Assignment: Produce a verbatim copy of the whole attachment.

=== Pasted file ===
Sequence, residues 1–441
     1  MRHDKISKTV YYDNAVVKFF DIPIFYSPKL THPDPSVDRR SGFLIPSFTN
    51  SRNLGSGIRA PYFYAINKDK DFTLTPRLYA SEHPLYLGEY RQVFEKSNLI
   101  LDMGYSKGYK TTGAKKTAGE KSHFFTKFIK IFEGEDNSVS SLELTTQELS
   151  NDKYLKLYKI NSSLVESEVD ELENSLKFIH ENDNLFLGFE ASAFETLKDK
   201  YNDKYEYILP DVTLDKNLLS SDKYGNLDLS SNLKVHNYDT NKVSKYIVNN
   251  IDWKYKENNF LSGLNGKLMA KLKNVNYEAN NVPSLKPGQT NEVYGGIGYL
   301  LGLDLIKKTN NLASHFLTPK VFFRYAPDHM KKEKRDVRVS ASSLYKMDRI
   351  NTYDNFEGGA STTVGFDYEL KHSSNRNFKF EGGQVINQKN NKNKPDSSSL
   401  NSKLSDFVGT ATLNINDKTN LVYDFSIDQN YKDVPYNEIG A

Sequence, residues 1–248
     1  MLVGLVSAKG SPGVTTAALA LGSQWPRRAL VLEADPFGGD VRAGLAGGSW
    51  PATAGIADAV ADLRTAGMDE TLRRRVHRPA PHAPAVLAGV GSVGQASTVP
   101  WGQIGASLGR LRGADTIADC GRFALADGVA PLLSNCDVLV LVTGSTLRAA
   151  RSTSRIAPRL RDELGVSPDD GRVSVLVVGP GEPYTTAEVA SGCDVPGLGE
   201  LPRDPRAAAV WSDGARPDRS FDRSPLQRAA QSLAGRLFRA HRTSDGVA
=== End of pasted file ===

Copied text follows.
Sequence, residues 1–441
     1  MRHDKISKTV YYDNAVVKFF DIPIFYSPKL THPDPSVDRR SGFLIPSFTN
    51  SRNLGSGIRA PYFYAINKDK DFTLTPRLYA SEHPLYLGEY RQVFEKSNLI
   101  LDMGYSKGYK TTGAKKTAGE KSHFFTKFIK IFEGEDNSVS SLELTTQELS
   151  NDKYLKLYKI NSSLVESEVD ELENSLKFIH ENDNLFLGFE ASAFETLKDK
   201  YNDKYEYILP DVTLDKNLLS SDKYGNLDLS SNLKVHNYDT NKVSKYIVNN
   251  IDWKYKENNF LSGLNGKLMA KLKNVNYEAN NVPSLKPGQT NEVYGGIGYL
   301  LGLDLIKKTN NLASHFLTPK VFFRYAPDHM KKEKRDVRVS ASSLYKMDRI
   351  NTYDNFEGGA STTVGFDYEL KHSSNRNFKF EGGQVINQKN NKNKPDSSSL
   401  NSKLSDFVGT ATLNINDKTN LVYDFSIDQN YKDVPYNEIG A

Sequence, residues 1–248
     1  MLVGLVSAKG SPGVTTAALA LGSQWPRRAL VLEADPFGGD VRAGLAGGSW
    51  PATAGIADAV ADLRTAGMDE TLRRRVHRPA PHAPAVLAGV GSVGQASTVP
   101  WGQIGASLGR LRGADTIADC GRFALADGVA PLLSNCDVLV LVTGSTLRAA
   151  RSTSRIAPRL RDELGVSPDD GRVSVLVVGP GEPYTTAEVA SGCDVPGLGE
   201  LPRDPRAAAV WSDGARPDRS FDRSPLQRAA QSLAGRLFRA HRTSDGVA